What Newt’s Open Marriage Request Does to the Callista Fairy Tale

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Sharing calamari, and other things. Photo: Mary-Louise Price; Photos: Matthew Cavanaugh/Getty Images (Gingrich), JEWEL SAMAD/AFP/Getty Images (Gingrich's head), iStockphoto (Calamari)

So, if Newt Gingrich's second wife is to be believed, the presidential candidate who wanted romantic arrangements best described with the prefix poly isn't the Mormon. Whatever damage this may do to Gingrich at the polls remains to be seen, but the revelation that he wanted an open marriage isn't really that surprising, whereas the idea that Callista was totally onboard with it is. "Callista doesn't care what I do," Marianne quotes Newt as telling her, which could be problematic because, in large part, Newt Gingrich's phoenixlike rise from the moral ashes is premised on Callista caring very much what he does. Even way back in his adulterous days in the nineties, Newt seemed to know this: After all, according to Marianne, he "told her that his mistress and current wife Callista was going to help him become president one day."

"It didn’t look like help to me,” Marianne said. But at least for a small part of this election season — back in those heady December days of Newt's Iowa surge, and maybe again tomorrow in South Carolina — she seemed to have been proven wrong.

Sure, Callista started out as the evil homewrecker — but in the eyes of the conservative base, that could be excused because she so clearly seemed to want nothing more than to be the perfect pearl-wearing helpmate. She helped Newt find religion. She helped him grow up. She helped him finally get the institution of marriage right! And, as Ariel Levy's The New Yorker profile makes clear, she's been crucial behind the scenes in managing the temperamentally difficult candidate.

The takeaway for voters inclined to be sympathetic to Newt, then, was that there might have been a few bumps at the outset, but what Callista really desired was a traditional marriage of her own. Certainly not, as we are now led to believe by Marianne, that she was cool with sharing, which carries with it an ick factor, even for people way outside the Evangelical base. Or that, at least, she was allegedly willing to tell him that — after all, according to Levy's reporting, Callista has Newt firmly in hand, so perhaps playing the part of the less-territorial, constricting paramour was a Machiavellian stroke of long-game genius.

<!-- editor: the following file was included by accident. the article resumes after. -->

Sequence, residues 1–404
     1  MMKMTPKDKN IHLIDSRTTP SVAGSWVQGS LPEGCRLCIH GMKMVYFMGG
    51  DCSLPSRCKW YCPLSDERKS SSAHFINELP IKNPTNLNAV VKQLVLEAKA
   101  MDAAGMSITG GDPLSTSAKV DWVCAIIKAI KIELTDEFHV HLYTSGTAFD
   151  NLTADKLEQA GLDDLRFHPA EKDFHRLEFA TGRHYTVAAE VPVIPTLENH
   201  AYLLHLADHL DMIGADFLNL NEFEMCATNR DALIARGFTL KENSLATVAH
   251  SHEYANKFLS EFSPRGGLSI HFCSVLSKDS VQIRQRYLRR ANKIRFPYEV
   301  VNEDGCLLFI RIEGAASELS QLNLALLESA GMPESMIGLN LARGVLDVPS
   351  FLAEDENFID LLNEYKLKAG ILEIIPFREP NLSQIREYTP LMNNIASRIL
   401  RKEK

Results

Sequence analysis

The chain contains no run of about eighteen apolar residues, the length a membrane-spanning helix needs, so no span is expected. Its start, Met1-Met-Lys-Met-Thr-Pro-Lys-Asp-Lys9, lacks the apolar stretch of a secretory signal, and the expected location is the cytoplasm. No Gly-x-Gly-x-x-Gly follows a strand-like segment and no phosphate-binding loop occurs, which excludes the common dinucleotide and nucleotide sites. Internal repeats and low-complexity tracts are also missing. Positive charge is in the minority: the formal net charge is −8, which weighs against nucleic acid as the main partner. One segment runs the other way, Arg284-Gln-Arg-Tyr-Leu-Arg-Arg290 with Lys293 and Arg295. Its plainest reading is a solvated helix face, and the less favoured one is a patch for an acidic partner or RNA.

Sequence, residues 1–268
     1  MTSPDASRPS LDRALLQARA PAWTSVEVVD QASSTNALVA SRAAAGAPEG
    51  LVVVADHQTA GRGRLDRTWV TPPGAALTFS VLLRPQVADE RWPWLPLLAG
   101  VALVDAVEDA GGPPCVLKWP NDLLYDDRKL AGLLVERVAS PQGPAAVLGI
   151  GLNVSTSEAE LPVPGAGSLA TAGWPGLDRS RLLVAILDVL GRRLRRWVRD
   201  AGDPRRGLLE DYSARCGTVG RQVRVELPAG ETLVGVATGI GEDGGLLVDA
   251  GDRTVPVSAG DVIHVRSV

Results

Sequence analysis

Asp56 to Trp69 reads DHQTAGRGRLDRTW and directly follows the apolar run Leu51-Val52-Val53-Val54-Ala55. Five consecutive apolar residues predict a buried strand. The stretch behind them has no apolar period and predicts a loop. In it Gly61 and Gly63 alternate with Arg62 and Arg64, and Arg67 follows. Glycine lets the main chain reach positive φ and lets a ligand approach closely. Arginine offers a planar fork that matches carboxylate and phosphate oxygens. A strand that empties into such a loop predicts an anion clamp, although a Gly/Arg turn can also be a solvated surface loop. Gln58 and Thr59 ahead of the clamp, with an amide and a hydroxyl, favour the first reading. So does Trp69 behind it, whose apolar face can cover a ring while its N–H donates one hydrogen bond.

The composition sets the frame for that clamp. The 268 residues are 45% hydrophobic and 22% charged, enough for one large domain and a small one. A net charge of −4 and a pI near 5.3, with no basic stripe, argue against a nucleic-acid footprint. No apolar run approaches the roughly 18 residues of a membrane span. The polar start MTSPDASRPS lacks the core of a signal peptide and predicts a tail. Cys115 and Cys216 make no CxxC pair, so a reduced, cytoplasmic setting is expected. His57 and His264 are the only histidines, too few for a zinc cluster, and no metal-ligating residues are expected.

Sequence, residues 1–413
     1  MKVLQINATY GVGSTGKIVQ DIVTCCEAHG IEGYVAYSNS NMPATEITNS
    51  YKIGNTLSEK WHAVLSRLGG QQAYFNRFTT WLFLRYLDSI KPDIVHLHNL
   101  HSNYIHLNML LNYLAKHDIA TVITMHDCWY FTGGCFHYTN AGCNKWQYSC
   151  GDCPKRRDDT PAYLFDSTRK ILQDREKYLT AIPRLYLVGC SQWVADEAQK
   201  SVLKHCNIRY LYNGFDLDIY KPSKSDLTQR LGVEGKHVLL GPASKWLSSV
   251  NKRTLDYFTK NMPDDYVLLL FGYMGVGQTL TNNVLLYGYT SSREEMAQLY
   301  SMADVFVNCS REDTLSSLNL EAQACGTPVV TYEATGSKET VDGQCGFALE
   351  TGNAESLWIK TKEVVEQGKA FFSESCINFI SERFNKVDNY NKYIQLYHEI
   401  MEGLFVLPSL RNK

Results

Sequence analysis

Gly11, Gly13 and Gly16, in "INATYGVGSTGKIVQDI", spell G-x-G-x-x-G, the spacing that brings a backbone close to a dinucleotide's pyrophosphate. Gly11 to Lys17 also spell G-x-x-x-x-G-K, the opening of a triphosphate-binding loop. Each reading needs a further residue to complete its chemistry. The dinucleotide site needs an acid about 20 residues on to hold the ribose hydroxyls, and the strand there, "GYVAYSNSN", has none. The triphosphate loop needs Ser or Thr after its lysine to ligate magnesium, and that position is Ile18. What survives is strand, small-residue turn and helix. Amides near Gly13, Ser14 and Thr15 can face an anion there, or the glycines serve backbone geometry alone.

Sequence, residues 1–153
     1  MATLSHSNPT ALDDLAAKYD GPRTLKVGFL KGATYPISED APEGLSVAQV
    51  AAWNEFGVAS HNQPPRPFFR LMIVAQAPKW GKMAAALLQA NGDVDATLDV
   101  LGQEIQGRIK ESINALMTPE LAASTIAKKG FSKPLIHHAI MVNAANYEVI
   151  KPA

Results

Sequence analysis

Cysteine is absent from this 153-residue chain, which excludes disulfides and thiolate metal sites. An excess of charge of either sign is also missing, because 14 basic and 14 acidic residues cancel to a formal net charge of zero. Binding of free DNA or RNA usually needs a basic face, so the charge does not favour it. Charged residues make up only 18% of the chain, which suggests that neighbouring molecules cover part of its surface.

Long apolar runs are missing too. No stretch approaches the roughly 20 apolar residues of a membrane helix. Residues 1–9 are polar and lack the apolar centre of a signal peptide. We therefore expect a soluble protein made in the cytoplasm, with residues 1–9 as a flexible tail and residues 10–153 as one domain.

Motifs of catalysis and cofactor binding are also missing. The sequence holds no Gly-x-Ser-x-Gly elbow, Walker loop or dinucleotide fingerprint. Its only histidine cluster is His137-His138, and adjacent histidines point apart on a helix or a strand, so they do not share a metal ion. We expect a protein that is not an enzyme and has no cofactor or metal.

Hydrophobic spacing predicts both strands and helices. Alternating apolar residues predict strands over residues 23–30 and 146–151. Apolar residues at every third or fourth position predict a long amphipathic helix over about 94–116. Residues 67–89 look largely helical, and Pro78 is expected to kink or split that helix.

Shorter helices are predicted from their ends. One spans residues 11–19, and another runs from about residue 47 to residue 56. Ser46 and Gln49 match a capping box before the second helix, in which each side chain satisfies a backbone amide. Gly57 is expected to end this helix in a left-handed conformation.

Either way, Marianne's interview could be more directly damaging to Callista's image than Newt's. As Jessica Grose wrote on DoubleX, "Unless Marianne has photographic evidence of Newt drop kicking several puppies and then peeing on Ronald Reagan's headstone, I don't think the interview will make much of a difference." And there's some evidence (both anecdotal and in his surging poll numbers) that South Carolinians, at least, are shrugging about the ABC interview. But since Callista functions as a stand-in for Newt's own new, improved moral compass, well ... at least it will give the Gingrich campaign fodder for the convenient "blame the wife" excuse, if and when everything finally and completely goes pear-shaped.

Earlier: Why the GOP Base Accepts Newt and Callista’s Unconventional, Modern Marriage
Political Playbook: When Failing Campaigns Blame the Wife